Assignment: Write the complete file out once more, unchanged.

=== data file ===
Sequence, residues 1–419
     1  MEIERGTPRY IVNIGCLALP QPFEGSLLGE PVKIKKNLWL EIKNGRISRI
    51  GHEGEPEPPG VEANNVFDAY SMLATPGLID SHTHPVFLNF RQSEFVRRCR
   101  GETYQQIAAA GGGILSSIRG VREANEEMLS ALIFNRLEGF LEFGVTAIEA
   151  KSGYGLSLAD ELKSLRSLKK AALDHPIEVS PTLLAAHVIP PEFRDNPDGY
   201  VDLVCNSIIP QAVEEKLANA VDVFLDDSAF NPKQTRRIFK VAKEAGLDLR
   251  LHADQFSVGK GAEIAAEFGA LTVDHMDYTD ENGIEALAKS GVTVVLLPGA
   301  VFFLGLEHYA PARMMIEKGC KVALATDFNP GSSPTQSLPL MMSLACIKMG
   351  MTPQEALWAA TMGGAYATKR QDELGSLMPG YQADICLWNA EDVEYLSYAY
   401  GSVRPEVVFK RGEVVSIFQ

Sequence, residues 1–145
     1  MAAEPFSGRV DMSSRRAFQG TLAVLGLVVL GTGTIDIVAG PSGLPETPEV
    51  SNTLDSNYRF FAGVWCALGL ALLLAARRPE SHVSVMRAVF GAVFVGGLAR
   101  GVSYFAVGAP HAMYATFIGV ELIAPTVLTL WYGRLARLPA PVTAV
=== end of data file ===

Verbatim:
Sequence, residues 1–419
     1  MEIERGTPRY IVNIGCLALP QPFEGSLLGE PVKIKKNLWL EIKNGRISRI
    51  GHEGEPEPPG VEANNVFDAY SMLATPGLID SHTHPVFLNF RQSEFVRRCR
   101  GETYQQIAAA GGGILSSIRG VREANEEMLS ALIFNRLEGF LEFGVTAIEA
   151  KSGYGLSLAD ELKSLRSLKK AALDHPIEVS PTLLAAHVIP PEFRDNPDGY
   201  VDLVCNSIIP QAVEEKLANA VDVFLDDSAF NPKQTRRIFK VAKEAGLDLR
   251  LHADQFSVGK GAEIAAEFGA LTVDHMDYTD ENGIEALAKS GVTVVLLPGA
   301  VFFLGLEHYA PARMMIEKGC KVALATDFNP GSSPTQSLPL MMSLACIKMG
   351  MTPQEALWAA TMGGAYATKR QDELGSLMPG YQADICLWNA EDVEYLSYAY
   401  GSVRPEVVFK RGEVVSIFQ

Sequence, residues 1–145
     1  MAAEPFSGRV DMSSRRAFQG TLAVLGLVVL GTGTIDIVAG PSGLPETPEV
    51  SNTLDSNYRF FAGVWCALGL ALLLAARRPE SHVSVMRAVF GAVFVGGLAR
   101  GVSYFAVGAP HAMYATFIGV ELIAPTVLTL WYGRLARLPA PVTAV